‘FIRST STORY — MOUNT OF FORGETFULNESS’ Still image by Hala Elkoussy, 2010.
Nearly three years have passed since protests in Cairo’s Tahrir Square sparked the Egyptian Revolution, enough time for a generation of the region’s art to frame the insurgence in its incipient stages and aftermath. It’s rare to get a first-hand look at this stuff in the States — rarer still in Maine — so the assembly of contemporary Egyptian artists is something to anticipate in early 2014, as Colby College’s Museum of Art hosts a video primer covering the work of six of Egypt’s engaged artists from late January through June. Included among the multimedia works of “Histories of Now: Six Artists from Cairo” are the stylized street photography of Sabah Naim, a film about stammering as a metaphor for the absence of political expression by Shady El Noshokaty, and “30 Days of Running In the Place,” a three-channel video installation that combines video footage of the masses in revolt with the staged action events of Ahmed Basiony, who was assassinated by Egyptian police in the Tahrir riots in January 2011.
One of Maine’s own most committed political artists, the installationist Kenny Cole, gets a two-month slot for his works in Bangor’s University of Maine Museum of Art. Cole has seemingly moved on from the cryptic, text-heavy images of dissent that were his focus a few years ago. Those pieces were effective and rich with detail, yet their content was so explicitly political that they risked inundating the viewer with information you might find on an ambitious protester’s placard. There’s a subtler hand guiding his newer work, which uses color, the symbology of loosely connected images, and significant material (many of his canvases are old newspapers) to shape Cole’s truth-seeking commentary and admirable willingness to explore it. That’s on view from mid-January through March 18.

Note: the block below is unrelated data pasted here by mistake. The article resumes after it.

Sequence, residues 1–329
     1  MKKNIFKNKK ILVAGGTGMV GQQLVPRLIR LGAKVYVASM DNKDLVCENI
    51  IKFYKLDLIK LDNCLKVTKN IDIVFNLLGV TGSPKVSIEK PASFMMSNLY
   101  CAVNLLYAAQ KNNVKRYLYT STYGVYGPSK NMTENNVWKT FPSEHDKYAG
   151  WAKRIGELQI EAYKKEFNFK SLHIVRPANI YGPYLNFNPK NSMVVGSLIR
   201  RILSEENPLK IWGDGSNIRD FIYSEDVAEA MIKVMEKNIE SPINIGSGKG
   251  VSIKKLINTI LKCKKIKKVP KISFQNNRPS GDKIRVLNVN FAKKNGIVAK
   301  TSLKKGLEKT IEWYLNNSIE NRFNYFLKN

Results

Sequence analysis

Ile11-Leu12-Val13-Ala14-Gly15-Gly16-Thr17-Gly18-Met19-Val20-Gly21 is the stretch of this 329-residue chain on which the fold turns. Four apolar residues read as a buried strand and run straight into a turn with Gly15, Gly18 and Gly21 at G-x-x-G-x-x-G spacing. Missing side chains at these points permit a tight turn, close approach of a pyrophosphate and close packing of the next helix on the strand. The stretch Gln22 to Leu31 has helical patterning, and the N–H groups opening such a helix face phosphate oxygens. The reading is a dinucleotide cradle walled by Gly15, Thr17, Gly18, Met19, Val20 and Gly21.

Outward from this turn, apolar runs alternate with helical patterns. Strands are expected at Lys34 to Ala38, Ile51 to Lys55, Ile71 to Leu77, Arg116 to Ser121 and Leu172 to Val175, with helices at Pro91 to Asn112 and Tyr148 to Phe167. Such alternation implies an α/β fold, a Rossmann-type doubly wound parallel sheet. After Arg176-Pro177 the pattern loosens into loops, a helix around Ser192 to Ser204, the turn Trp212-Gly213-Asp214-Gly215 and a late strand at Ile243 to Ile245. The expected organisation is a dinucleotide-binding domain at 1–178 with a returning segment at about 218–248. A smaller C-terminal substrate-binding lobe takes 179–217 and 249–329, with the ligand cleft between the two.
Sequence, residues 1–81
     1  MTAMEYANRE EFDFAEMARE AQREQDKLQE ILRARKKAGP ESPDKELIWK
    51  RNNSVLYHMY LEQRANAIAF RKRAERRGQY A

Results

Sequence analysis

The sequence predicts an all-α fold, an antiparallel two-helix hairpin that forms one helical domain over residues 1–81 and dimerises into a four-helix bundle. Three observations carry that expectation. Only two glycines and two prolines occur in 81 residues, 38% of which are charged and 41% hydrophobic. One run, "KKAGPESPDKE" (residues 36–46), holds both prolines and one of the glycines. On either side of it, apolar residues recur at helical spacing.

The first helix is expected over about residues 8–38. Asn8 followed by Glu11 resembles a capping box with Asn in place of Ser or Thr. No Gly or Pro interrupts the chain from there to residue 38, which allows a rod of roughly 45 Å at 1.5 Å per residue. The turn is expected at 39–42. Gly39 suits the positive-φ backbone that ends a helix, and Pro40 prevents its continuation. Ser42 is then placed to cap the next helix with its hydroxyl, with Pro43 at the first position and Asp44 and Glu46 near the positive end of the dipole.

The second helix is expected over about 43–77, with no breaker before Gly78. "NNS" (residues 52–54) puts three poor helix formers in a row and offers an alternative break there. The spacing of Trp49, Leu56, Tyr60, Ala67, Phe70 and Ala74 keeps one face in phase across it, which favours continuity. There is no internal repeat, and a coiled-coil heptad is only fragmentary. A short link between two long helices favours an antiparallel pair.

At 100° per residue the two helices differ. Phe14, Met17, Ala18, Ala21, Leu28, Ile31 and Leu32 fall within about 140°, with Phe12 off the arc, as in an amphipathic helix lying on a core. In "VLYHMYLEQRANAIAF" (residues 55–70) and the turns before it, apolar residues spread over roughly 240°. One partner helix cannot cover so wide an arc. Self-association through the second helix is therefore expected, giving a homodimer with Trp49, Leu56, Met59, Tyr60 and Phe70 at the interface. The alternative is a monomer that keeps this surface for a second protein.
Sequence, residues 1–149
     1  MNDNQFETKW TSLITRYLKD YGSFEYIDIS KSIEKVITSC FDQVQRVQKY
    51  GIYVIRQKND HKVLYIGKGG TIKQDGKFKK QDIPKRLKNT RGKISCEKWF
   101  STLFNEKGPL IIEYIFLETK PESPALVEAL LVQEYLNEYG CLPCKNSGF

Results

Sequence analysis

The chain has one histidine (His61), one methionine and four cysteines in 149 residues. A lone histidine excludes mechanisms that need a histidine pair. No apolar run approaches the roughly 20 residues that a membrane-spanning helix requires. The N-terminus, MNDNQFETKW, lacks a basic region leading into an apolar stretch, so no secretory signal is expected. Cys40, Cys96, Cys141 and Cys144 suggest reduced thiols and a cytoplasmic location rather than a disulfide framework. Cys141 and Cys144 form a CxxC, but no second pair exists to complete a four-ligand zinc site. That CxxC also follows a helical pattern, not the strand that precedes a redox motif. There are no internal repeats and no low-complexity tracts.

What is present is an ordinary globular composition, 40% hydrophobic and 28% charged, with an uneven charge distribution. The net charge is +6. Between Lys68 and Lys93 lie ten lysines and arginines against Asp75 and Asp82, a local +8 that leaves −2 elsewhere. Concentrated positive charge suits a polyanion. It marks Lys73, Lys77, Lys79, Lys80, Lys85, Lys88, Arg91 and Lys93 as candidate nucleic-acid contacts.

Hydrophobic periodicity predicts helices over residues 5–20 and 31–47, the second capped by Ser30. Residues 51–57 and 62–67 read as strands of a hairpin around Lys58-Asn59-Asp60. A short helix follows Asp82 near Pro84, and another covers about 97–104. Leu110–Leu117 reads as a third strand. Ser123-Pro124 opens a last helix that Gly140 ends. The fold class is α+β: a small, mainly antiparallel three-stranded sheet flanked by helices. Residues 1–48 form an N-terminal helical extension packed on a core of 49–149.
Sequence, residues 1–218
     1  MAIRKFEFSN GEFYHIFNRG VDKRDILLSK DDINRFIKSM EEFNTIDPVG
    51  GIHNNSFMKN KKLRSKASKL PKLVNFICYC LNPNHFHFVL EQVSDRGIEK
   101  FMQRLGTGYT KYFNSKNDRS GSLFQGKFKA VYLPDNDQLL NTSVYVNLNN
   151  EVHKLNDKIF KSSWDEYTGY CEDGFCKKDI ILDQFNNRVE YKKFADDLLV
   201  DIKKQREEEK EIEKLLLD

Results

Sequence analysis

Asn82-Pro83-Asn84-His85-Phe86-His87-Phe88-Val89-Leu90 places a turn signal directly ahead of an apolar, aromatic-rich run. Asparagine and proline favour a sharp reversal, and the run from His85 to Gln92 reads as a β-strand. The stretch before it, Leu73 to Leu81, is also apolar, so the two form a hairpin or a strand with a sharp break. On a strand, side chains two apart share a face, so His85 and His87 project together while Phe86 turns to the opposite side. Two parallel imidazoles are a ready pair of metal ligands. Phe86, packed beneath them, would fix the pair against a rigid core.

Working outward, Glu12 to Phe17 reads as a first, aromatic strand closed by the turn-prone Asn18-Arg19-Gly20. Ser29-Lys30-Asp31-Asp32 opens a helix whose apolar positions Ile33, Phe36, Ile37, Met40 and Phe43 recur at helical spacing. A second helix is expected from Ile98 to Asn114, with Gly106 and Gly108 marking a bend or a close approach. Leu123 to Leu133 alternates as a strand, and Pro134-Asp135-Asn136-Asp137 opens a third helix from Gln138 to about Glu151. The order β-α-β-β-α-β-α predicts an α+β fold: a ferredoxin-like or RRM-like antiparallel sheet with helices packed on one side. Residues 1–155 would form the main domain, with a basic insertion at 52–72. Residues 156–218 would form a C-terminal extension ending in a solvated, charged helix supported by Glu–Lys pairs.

While fulfilling our generations’ endless demand for party tricks and whimsical, postmodern entertainment, the Surrealist art retrospectives of our era have more-or-less stripped the movement of its original political content. Don’t expect the exhibit at the Bowdoin College Museum of Art, “Under the Surface: Surrealist Photography,” to reverse the trend. On view from late February to June 1, the collection considers the 1920s French movement for its considerable advancements in the art-historical, spotlighting the freely associated, symbolic fringe where artists have long shrouded their most interesting ideas — and letting viewers provide historical context where they see fit.
In the Portland circuit, Aucocisco doubles down on the system of artist pairings it debuted this fall. The duos roll out through the spring; highlights include the emotionally driven color field collisions of oil painter Claire Seidl with the spare, rhythmic acrylics of Scott Davis; the light and luminous floral patterns of Gail Spaien airing out the ominous beauty of Dozier Bell’s dense landscapes; and in January, an exciting marriage of Lauren Fensterstock’s dark, cut-paper horticulture and Lucinda Bliss’s lurid and inscrutable aviary narratives.
Welcomely, the Portland Museum of Art goes the contemporary route for its tourist-luring summer schedule. Its flagship exhibit weighs the photorealist paintings of Richard Estes, an Illinois painter known for his clean and evanescent scenes of American city life, while a four-month display of Brunswick artist Andrea Sulzer appraises process and design techniques via drawings and sculptural forms and her signature poetical touch.
And drawing on the successes of exhibits past, SPACE Gallery re-ups its “Free For All” series, probably one of the simplest and most rewarding ways young artists can get work shown. Bring something to the gallery between January 9 and 11 for consideration in the winter show mounting a week later.